The LL.B – theory is always different to practice. But that’s the point isn’t it?

In my fourth year I spent a lot of time thinking about what I wanted to do. I became enthralled in my dissertation topic and briefly considered an academic route. It got me thinking about the purpose of the law degree and what it prepares the undergraduate for once they have graduated.

Before I went to university I had the intention of becoming a lawyer. I think my interest really started with Ally McBeal and a Kudos test aged fourteen that told me, according to the thirty questions it asked, that I was pre-disposed to become a lawyer (not exactly the best sources to use for deciding how to spend the largest part of your life after sleep!). I didn’t even know there were different types of lawyers something I only discovered in the sixth form. I knew lawyers were respected and most importantly they were well paid.

So safe in the ignorance that I would be well paid and respected I headed off to university to study law and human rights. I can’t help but think that the current system is a little flawed as most law students, at least at the beginning of their degree, want to be lawyers, but a law degree does not train you to be a lawyer, rather, it teaches law as an academic pursuit. Perhaps some would disagree but learning to become a lawyer really starts at the LPC/BVC and the subsequent vocational training, so I am told. Having spoken to a large number of young lawyers and well established lawyers they have all told me that they learnt to ply their trade in the working environment and not in the classroom.

It would seem to me that a new approach could be adopted. The academic law degree could remain whilst a more practical based course could be adopted to combine the GDL with the LPC. This lawyers degree could be conducted over the same period as the LL.B to allow for students to mature and develop in the same way as other undergraduates. I think the latter would suit those that wish to solely become lawyers whilst the LL.B could remain for people that want to study law as a purely academic subject. I would propose that the graduates of the lawyers degree could go straight into a training contract, avoiding further graduate education and more debt.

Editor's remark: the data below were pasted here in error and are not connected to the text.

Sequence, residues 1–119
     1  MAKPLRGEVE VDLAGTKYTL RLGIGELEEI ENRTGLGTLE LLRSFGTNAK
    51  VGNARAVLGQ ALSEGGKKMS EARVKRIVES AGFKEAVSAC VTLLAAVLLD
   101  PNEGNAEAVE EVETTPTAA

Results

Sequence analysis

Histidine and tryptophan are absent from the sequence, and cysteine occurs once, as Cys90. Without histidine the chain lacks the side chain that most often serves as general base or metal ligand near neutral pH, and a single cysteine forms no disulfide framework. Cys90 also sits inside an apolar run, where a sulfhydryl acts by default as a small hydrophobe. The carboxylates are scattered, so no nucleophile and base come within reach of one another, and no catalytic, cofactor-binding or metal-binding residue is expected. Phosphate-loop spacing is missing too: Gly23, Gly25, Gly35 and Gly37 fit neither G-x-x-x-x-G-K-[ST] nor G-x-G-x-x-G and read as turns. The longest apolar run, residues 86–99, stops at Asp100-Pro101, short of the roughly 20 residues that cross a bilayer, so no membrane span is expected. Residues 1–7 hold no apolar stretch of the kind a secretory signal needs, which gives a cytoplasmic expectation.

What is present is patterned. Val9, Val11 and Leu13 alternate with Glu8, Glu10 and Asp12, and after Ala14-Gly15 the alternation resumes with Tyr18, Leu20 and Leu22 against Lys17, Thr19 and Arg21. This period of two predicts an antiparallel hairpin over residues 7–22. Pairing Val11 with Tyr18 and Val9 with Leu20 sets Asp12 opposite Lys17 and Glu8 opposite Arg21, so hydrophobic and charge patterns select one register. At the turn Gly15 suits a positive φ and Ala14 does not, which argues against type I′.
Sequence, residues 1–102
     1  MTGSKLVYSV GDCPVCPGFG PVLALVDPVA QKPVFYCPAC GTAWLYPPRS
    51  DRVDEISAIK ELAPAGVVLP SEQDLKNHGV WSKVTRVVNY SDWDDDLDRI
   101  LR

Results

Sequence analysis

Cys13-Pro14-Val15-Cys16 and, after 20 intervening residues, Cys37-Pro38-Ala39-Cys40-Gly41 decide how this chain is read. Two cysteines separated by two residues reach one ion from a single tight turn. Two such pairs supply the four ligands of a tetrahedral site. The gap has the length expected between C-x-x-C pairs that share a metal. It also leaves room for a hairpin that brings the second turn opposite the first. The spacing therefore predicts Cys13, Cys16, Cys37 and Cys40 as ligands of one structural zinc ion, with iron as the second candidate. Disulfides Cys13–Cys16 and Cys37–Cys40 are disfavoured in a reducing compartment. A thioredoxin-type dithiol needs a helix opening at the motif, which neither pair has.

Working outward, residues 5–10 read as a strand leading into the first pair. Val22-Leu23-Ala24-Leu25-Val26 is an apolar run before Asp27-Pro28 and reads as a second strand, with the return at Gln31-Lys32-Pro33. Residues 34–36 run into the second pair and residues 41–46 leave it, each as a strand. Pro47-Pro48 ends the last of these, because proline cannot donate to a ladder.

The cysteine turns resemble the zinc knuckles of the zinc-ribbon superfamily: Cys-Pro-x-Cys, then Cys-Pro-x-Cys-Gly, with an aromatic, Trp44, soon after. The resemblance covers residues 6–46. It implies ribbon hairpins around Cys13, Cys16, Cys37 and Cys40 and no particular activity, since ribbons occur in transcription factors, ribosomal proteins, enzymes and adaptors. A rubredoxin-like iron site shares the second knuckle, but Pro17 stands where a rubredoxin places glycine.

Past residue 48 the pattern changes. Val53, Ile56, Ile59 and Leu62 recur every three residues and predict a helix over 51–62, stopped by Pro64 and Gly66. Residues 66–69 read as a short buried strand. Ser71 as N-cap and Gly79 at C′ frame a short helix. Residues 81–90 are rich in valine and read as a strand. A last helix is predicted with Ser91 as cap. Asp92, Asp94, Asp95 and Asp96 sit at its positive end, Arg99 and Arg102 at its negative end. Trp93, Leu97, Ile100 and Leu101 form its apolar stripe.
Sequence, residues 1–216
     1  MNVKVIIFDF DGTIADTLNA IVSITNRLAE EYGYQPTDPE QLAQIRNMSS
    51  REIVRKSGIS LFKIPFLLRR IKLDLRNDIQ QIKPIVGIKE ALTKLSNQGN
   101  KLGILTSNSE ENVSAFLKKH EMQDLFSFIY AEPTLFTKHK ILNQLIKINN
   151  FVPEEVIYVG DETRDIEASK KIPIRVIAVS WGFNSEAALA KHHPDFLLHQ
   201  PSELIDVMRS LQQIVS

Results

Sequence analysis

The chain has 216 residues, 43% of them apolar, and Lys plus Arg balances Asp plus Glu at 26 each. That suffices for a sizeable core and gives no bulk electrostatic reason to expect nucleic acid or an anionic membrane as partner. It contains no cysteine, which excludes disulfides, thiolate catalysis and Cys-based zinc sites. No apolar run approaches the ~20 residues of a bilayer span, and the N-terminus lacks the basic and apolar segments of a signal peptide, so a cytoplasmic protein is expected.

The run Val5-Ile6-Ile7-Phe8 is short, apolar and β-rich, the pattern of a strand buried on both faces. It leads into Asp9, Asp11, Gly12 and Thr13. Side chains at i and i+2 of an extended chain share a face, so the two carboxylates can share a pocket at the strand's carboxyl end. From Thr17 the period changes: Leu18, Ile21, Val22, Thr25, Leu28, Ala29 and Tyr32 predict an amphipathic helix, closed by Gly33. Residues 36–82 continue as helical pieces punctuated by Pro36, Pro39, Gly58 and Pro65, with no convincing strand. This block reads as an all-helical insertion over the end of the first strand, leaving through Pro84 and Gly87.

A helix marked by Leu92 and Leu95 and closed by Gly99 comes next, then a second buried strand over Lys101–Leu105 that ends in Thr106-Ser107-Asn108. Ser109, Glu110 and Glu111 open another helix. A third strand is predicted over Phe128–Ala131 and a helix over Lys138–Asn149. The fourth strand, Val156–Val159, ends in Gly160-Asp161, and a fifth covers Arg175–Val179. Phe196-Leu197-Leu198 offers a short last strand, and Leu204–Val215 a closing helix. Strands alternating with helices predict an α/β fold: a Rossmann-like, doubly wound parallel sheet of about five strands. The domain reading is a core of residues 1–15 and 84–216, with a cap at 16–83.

For employers the advantage would be that such a graduate that has been able to hone the practical skills of the LPC over a longer period in greater depth progress more speedily into the working world, thus being more productive, given greater responsibility and potential bring in greater revene at an earlier stage. In terms of the educational providers, there role would remain the same. Both universities and graduates training providers could diversify using their expertise to produce a different class of young lawyers.

However, these are just musing whilst I’m sitting here on the train. I suppose theory is always different to practice. But that’s the point isn’t it?


5 Responses to “The LL.B – theory is always different to practice. But that’s the point isn’t it?”

  1. kris Says:

    There is something to be said for learning theory rather than simply memorising procedure. Any muppet can learn procedure – it takes some brains to engage in critical thinking.

    Having done both a LL.B. as well as the BVC – I actually learned the law as well as how to think on the LL.B (and LL.M). I better learned how to apply the law on my BVC.

    I am sure places like BPP/CoL will provide a stripped down “practical” law degree – and I think people who do it will cheat themselves. If they really want to save money and just get on with the job, they can become legal execs.

    Law, for me at any rate, should be more than a vocation or trade. For me, the most interesting and effective lawyers come from a highly academic background.

  2. Law Teacher Says:

    There is already something in place for learning practice as well as the theory, it is to qualify as a Legal Exec. I have always argued that the LL.B does not prepare students adequately when it comes to practice but, while there is money to be made with the LPC/BVC, I can’t see things changing anytime soon.

  3. allaboutlawblog Says:

    Kris, let us consider that around half of trainees in Magic circle firms are from a non-law background. Often their first introduction to law is the GDL followed by the LPC – I was suggesting to have these two courses combined over a slight longer period so undergradute students can progress at a slightly slower rate.

    Your argument seems to suggest those that follow this route are cheating themselves and are unlikey to be either interesting or effective as lawyers. That sounds silly.

    Law Teacher, regarding the fact that the LPC/BVC is a money making exercise I would agree to some extent- the fact that the number of places on these courses outweigh the number of positions would appear to support this claim. However, if such a course did exist the LPC/BVC/GDL providers I imagine would be wholly interested as they would be able to expand into teaching undergraduate students, a lucrative money spinner no doubt.

  4. Sherylann Says:

    I agree completely with you. However, because their is still that debate on fusing both the LPC and Bar, it may not look as though something like what you are proposing is viable. However having said that your idea may actually be perfect in bringing to an end this age old feud between the both legal bodies.

    Push for it more and get more support you maybe setting the trend for the future good luck.

  5. Making a Will Says:


    I just thought i’d drop by and see how it was all going? It doesn’t take a rocket scientist to work out who i am from my ‘name’ so i thought as you seem to have a healthy blog going here i’d take full advantage! Haha.

    The new site looks great by the way, good work, if you need anything just let me know!

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